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Latest News

Dr Greg Schmid has arrived!

We are excited to welcome Dr Greg Schmid to the team at Columbia Equine! Check out his bio on our Staff page and stay tuned to our Facebook page for an invite to the meet & greet we are planning for him at the clinic.

Another positive case of EIA in Portland...

2/9/16

POSITIVE EIA CASE PORTLAND, OR- As of today, there has been one horse that has been tentatively labeled as positive for Equine Infectious Anemia, (EIA) at Portland Meadows race track. According to Oregon state veterinarian, Dr Brad LeaMaster, the positive horse was detected on routine testing. All horses leaving Portland Meadows are required to have a recent negative Coggins test and must provide a declaration of movements, stating where the horse will be moved to and the current owners information. EIA is a blood borne disease, spread primarily by reuse of hypodermic needles and biting insects. Symptoms of the disease include fever, anemia, jaundice, edema and weight loss. For now, we are recommending following the same bio-security measures that we suggest any time you travel with your horse- don't share water or feed buckets with horses you don't know, don't allow your horses to touch noses with unknown horses, and think twice before allowing unknown people to pet your horse, especially if they have been touching other horses. To prevent the spread of EIA, we recommend all horses have a Coggins test performed (this is an EIA blood test), only disposable needles and syringes are used and that barn owners implement insect control on their properties. Feel free to direct any questions towards our office: (503) 663-1515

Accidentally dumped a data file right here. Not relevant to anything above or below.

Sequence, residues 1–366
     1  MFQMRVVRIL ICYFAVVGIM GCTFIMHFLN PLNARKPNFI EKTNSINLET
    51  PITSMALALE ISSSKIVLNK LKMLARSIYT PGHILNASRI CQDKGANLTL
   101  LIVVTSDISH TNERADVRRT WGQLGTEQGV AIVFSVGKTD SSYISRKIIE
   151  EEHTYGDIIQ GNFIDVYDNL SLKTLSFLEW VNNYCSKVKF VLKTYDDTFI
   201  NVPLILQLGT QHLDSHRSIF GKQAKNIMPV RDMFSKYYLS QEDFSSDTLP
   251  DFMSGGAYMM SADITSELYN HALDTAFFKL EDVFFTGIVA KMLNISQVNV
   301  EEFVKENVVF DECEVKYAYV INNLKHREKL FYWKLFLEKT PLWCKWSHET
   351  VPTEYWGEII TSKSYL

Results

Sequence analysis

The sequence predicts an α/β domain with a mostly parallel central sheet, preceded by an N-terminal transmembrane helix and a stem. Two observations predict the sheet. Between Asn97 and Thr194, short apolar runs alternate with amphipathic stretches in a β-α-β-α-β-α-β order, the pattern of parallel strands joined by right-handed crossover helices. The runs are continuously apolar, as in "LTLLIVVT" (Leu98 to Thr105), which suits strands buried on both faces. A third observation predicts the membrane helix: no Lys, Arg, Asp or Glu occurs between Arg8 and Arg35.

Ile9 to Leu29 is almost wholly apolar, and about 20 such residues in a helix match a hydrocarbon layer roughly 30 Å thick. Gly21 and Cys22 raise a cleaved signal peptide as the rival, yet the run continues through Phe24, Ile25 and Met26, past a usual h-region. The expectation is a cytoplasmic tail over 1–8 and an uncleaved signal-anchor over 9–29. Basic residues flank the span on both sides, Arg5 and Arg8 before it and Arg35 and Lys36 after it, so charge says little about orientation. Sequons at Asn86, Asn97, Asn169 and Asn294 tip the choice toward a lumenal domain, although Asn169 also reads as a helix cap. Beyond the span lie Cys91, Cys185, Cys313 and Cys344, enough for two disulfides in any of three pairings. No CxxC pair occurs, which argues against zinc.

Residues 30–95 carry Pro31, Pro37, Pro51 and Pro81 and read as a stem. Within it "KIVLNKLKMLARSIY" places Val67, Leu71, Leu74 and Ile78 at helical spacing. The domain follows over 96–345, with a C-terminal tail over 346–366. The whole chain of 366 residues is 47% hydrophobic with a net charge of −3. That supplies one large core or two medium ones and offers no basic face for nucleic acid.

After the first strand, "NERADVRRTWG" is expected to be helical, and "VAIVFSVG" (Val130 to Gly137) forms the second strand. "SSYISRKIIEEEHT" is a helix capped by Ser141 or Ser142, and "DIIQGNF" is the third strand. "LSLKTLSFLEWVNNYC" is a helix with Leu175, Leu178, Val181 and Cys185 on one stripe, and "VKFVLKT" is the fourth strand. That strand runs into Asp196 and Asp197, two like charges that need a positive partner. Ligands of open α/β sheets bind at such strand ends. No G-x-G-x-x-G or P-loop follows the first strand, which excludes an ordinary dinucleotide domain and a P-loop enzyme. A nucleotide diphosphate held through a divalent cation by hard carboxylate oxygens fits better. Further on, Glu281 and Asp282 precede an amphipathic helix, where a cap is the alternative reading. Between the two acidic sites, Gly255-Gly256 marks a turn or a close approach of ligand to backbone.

UPDATE: EHV-1 in Oregon

More horses found with Equine Herpes Virus, including most serious form

5/5/2015

CORVALLIS, Ore. – Three more cases have been found in Oregon of horses infected with Equine Herpes Virus 1, or EHV-1, and one animal has the most serious “neurotropic” form of the virus that is far more likely to cause serious, sometimes permanent neurological damage.

An initial case of EHV-1 reported last week, and also being treated in isolation at OSU, only had the more common wild strain of the virus. That horse did show neurologic symptoms, although animals with that strain of EHV-1 more often have a disease that causes respiratory infection or abortion in pregnant mares.

Two more cases have been identified of horses with the wild strain, that are not showing signs of neurologic disease, and they are being treated at their home stables in Polk County. Both forms of EHV-1 are highly contagious to horses, but not transmissible to people.

However, a fourth case has been confirmed with the neurotropic form of EHV-1, veterinary experts say, which increases the seriousness of the current outbreak, and makes it increasingly important that horse owners in Oregon practice strong biosecurity management of their animals.

“About 80 percent of the horses who develop neurologic problems from EHV-1 have the neurotropic form of the virus,” said John Schlipf, a large animal internal medicine specialist with the OSU College of Veterinary Medicine. “It’s a significantly more serious concern. The disease can be fatal, or it can cause lasting neurologic damage that leaves the animal with a permanently reduced level of function.”

The most recent case was brought to OSU’s Lois Bates Acheson Veterinary Teaching Hospital from the Salem area. Both cases are being treated in isolation, and all OSU veterinary teaching hospital facilities are open for business as usual.